Verne had long pondered the dangers of science. After publication of "Master Zacharius"30 (1854), he seemed to be influenced by Saint- Simonianism,31 a philosophy the Second Empire tacitly adopted, that glorified the engineers, science, and technology that would industrialize France. Furthermore, in no other work by Verne are science fiction and science fantasy so present as in Journey Through the Impossible (1882). With regard to science fiction, even Twenty Thousand Leagues under the Sea and From the Earth to the Moon cannot compete.

  Most of Jules Verne's novels until the mid-1880s present science and technology as beneficial to humankind. The scientist uses technology to help heroes out of a difficult situation. Typically, the engineer Cyrus Smith (Mysterious Island 32) drives his companion castaways toward a better life, using his knowledge of chemistry, physics, and natural sciences, restructuring nature with the overriding ingenuity of humans. In Verne's novels of the first part of his life the only villain is Herr Doktor Schultze (The Five Hundred Million of the Begum33), but the character is not Verne's invention. Hetzel bought the manuscript from Paschal Grousset34 (better known by his pseudonym, Andre Laurie) and asked Verne to rewrite it; the book was published as authored by Jules Verne. After the mid-1880s, Verne, in his pessimism, created crazy scientists like Robur (Robin the Conqueror or Master of the World35), Orfanik (The Castle in the Carpathians36), and Thomas Roch (Facing the Flag37). These mad scientists use their knowledge and inventions for destructive purposes. journey Through the Impossible is the hinge between the two halves of Verne's life, being an apotheosis of the first optimistic part, where the play asks the reader and the spectator, continuously, to choose, like George Hatteras, between good and evil, heaven and hell.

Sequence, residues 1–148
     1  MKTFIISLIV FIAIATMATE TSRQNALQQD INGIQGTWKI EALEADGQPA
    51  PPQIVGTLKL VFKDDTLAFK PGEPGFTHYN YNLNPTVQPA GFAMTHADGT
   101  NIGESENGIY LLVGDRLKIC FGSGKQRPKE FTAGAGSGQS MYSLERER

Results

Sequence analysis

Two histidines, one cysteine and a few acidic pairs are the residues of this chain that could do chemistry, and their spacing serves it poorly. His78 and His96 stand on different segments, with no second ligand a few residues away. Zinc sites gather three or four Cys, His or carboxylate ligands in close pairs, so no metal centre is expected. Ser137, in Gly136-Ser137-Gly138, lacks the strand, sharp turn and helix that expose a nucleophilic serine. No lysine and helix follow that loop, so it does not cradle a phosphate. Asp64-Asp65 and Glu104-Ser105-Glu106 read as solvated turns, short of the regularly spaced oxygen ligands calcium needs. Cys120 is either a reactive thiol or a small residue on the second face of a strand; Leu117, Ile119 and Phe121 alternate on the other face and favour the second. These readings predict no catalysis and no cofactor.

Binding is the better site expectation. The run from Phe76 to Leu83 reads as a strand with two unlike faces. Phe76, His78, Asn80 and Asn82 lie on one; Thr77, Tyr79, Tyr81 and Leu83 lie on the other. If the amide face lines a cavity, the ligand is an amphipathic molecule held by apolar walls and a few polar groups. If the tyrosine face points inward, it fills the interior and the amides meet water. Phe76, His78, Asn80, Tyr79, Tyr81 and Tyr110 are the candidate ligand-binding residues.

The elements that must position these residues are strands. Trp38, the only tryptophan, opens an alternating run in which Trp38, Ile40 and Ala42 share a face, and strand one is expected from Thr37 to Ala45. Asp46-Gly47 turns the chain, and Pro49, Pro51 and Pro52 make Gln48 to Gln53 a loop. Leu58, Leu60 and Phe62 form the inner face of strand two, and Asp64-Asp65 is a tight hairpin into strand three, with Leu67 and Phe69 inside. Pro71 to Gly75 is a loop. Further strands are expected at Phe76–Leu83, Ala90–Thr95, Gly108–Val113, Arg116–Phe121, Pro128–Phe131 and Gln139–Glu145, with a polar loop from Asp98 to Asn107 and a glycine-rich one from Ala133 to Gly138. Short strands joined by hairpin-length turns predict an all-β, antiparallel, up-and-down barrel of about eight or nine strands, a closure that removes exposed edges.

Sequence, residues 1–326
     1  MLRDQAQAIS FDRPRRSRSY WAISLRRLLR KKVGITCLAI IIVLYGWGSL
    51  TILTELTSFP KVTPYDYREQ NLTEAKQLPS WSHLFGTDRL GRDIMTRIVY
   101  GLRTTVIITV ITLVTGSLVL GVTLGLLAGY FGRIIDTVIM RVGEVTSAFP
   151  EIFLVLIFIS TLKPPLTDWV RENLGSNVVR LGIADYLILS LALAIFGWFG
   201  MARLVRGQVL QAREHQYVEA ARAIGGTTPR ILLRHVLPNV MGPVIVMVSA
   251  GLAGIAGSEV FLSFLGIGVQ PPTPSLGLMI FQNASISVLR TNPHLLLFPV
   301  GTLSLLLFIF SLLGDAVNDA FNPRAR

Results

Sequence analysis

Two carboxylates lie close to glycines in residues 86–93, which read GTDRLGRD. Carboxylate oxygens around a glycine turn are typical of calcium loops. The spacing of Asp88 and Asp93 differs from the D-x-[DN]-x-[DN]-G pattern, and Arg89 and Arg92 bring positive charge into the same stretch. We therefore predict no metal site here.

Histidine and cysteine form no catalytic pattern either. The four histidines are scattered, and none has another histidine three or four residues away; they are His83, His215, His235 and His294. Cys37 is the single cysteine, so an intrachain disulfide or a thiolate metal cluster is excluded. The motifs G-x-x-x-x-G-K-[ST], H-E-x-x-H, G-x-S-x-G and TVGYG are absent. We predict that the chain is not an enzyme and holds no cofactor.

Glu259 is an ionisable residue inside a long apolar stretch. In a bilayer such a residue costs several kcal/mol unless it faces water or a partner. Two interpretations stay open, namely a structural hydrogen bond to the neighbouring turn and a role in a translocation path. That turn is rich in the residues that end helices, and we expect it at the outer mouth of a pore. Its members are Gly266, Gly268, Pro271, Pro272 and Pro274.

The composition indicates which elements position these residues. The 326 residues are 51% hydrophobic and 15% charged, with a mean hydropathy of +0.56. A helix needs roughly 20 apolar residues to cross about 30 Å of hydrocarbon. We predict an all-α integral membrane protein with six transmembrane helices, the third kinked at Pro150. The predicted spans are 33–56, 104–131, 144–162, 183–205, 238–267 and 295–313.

From 1872, with "The Doctor Ox,"38 Verne emphasized the danger of too much science, believing that science itself is not to blame; rather, we must look to the use humans make of science. In this short story-a vigorous and compact masterpiece of droll humor and sarcastic farce-a scientist risks a terribly dangerous experiment, even more disquieting because he pretends to provide free gas lighting for the town of Quiquendone, without charging for his scientific knowledge. The tone remains that of the opera-bouffe of the Second Empire; thus, it comes as no surprise that the subject attracted Offen- bach39 in 1877. Peaceful, soft characters engulfed in their own bovine passivity are the foil to the bizarre and mysterious figure of Dr. Ox. No one knows where he comes from or who he is. He calls himself a doctor; he is not a professor like Lidenbrock in Journey to the Center of the Earth'40 Aronnax in Twenty Thousand Leagues under the Sea, or Palmyrin Rosette in Hector Servadac.41 Professors are reassuringly familiar by virtue of their daily contact with the students they help mold; a doctor is a far more independent and unaccountable being. Dr. Ox is unsettling, like a new incarnation of the evil who haunts The Tales of Hoffmann, the drama by Jules Barbier42 and Michel Carre,43 presented at l'Odeon44 in 1851 (the opera by Offenbach had not yet been written). In the same year, Verne collaborated with Carre to produce a play, Leonardo da Vnci, which later became Mona Lisa,45 with a similar underlying theme as in The Tales of Hoffmann-the necessity of choosing between art and love. Jules Verne said of Dr. Ox that he "escaped from a volume by Hoffmann." By Hoffmann? Or by Barbier and Carre? Or by Offenbach-his demonic and deadly Dr. Miracle? Offenbach's opera was created in Paris, February 10, 1881. The direct line from The Tales of Hoffmann to journey Through the Impossible is obvious; Offenbach's opera has five acts: prologue, first love, second love, third love, and epilogue. In Verne's play, Act I includes the prologue and the first exploration; Act II is the second exploration, and Act III is the third exploration and the epilogue. Thus we have Hoffmann's first love (Olympia, a mechanical doll) and George Hatteras's first exploration (to the center of the earth); Hoffmann's second love (Antonia, who dies while singing) and George's second exploration (under the oceans); Hoffmann's third love (Giulietta, who steals his shadow) and George's third exploration (to outer space). Both pieces end by highlighting the battle between good and evil, with the same choice for the hero-in Hoff Hann, between art and love; in journey Through the Impossible, between science and love.